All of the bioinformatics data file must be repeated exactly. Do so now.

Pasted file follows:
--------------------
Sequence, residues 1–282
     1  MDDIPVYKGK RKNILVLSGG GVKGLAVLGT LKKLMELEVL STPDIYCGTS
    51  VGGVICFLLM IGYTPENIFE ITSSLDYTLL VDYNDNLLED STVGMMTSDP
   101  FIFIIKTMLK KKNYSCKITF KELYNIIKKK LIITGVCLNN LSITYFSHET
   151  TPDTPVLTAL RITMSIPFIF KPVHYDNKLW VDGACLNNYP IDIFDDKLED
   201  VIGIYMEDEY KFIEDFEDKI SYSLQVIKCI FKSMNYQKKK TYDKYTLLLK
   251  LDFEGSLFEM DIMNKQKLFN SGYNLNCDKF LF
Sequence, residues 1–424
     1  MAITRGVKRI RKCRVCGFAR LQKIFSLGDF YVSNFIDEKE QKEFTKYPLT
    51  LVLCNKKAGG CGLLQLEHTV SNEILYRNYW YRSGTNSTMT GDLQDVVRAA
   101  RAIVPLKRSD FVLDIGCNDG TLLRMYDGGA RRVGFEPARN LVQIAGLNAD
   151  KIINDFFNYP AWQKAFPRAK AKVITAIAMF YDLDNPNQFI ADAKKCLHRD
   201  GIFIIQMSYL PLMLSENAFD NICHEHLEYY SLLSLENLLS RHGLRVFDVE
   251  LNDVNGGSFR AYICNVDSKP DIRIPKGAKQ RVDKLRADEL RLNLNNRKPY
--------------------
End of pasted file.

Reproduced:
Sequence, residues 1–282
     1  MDDIPVYKGK RKNILVLSGG GVKGLAVLGT LKKLMELEVL STPDIYCGTS
    51  VGGVICFLLM IGYTPENIFE ITSSLDYTLL VDYNDNLLED STVGMMTSDP
   101  FIFIIKTMLK KKNYSCKITF KELYNIIKKK LIITGVCLNN LSITYFSHET
   151  TPDTPVLTAL RITMSIPFIF KPVHYDNKLW VDGACLNNYP IDIFDDKLED
   201  VIGIYMEDEY KFIEDFEDKI SYSLQVIKCI FKSMNYQKKK TYDKYTLLLK
   251  LDFEGSLFEM DIMNKQKLFN SGYNLNCDKF LF
Sequence, residues 1–424
     1  MAITRGVKRI RKCRVCGFAR LQKIFSLGDF YVSNFIDEKE QKEFTKYPLT
    51  LVLCNKKAGG CGLLQLEHTV SNEILYRNYW YRSGTNSTMT GDLQDVVRAA
   101  RAIVPLKRSD FVLDIGCNDG TLLRMYDGGA RRVGFEPARN LVQIAGLNAD
   151  KIINDFFNYP AWQKAFPRAK AKVITAIAMF YDLDNPNQFI ADAKKCLHRD
   201  GIFIIQMSYL PLMLSENAFD NICHEHLEYY SLLSLENLLS RHGLRVFDVE
   251  LNDVNGGSFR AYICNVDSKP DIRIPKGAKQ RVDKLRADEL RLNLNNRKPY